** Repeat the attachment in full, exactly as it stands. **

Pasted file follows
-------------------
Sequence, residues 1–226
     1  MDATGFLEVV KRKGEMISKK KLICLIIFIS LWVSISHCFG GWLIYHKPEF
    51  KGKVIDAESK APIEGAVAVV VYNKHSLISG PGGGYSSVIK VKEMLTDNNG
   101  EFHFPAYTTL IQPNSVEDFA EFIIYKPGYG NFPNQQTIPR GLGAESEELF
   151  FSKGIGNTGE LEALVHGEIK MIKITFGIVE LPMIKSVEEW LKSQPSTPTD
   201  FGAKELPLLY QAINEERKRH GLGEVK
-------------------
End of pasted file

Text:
Sequence, residues 1–226
     1  MDATGFLEVV KRKGEMISKK KLICLIIFIS LWVSISHCFG GWLIYHKPEF
    51  KGKVIDAESK APIEGAVAVV VYNKHSLISG PGGGYSSVIK VKEMLTDNNG
   101  EFHFPAYTTL IQPNSVEDFA EFIIYKPGYG NFPNQQTIPR GLGAESEELF
   151  FSKGIGNTGE LEALVHGEIK MIKITFGIVE LPMIKSVEEW LKSQPSTPTD
   201  FGAKELPLLY QAINEERKRH GLGEVK